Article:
Rapid Transition to Online Teaching

Transitioning to Online Teaching and Learning: A Guide for Mason Composition Instructors

Online Writing Instruction pedagogy, or OWI, is not new to composition, but teaching composition online may be new to you. This guide will help those of you who are new to OWI make the transition to online teaching efficiently and effectively.

Just a quick note about the scope of this: Mason is not asking us to create a fully online course; Mason is asking us to transition to online learning for several weeks. Keep the scale of the transition in mind so that you maintain realistic expectations about what you need to do.

Mason has wisely given faculty an extra week of spring break to make that transition. Use this guide to help you make the transition as smooth as possible.

Learning to Teach Online

In How Learning Works (2010), Ambrose, et al, explain how we draw upon our prior knowledge to learn new things. If you are new to online course design, you may not think you have any prior knowledge about this, but you do: online teaching is just a new rhetorical situation, a concept we understand quite well.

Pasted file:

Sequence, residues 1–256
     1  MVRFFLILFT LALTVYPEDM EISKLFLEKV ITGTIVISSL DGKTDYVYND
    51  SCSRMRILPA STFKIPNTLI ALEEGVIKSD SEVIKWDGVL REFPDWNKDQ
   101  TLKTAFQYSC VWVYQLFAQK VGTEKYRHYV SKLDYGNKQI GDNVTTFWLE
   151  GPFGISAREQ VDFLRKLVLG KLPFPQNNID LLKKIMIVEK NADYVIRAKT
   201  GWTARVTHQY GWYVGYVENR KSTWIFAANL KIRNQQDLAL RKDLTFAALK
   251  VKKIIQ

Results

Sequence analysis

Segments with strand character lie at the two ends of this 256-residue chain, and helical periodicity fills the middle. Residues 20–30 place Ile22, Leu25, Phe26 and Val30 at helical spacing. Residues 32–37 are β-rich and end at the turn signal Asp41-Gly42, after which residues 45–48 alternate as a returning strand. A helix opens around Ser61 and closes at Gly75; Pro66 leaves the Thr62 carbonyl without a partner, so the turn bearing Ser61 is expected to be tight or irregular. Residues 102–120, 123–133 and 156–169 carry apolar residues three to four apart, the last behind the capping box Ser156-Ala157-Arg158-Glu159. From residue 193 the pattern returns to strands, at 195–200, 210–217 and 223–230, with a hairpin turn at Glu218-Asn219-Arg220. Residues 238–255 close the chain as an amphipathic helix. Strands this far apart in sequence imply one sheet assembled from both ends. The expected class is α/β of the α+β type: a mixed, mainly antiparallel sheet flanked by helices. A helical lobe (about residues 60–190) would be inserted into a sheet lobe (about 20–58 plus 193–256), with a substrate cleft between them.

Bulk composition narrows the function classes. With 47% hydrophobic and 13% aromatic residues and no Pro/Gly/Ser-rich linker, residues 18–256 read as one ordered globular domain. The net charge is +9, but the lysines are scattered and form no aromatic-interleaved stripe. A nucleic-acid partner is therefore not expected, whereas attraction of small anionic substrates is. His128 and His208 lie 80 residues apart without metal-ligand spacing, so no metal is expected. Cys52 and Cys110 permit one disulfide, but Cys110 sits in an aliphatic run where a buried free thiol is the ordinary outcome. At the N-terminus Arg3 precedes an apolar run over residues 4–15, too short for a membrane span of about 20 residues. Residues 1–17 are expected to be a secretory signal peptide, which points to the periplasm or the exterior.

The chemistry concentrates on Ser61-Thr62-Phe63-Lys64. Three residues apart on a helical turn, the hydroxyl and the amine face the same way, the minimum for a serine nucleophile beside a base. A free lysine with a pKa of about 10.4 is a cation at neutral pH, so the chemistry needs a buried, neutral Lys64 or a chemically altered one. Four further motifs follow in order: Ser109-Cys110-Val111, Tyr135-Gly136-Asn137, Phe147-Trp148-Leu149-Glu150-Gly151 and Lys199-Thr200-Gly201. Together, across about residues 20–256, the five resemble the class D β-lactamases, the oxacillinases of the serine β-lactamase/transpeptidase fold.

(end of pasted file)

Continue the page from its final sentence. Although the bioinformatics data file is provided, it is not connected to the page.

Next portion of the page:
The exigence—temporarily shifting f2f and hybrid courses to online delivery—is easy to identify. Our response to that exigence is to rethink how audience, purpose, and context change when we teach in a new instructional platform.

AUDIENCE: Your students are still your audience, but you won’t be able to see them f2f in a regular meeting place. You are teaching them from a distance, but you are still teaching them. 

PURPOSE: What does your audience (students) need to learn? These are the learning objectives for the course in general, and for the lesson specifically. These objectives drive the instructional content you will create for the online portion of your course.

CONTEXT: Blackboard is the context in which online learning happens at Mason. Several familiar genres will also be present in Blackboard, including emails (via announcements) and discussions. The genres are mediated differently than in a f2f course, but the main components remain. The key is to transition to a different context, but with the same purpose and audience in mind.

Note that good online course design doesn’t really get to the “tools” part until after instructors think through audience and purpose.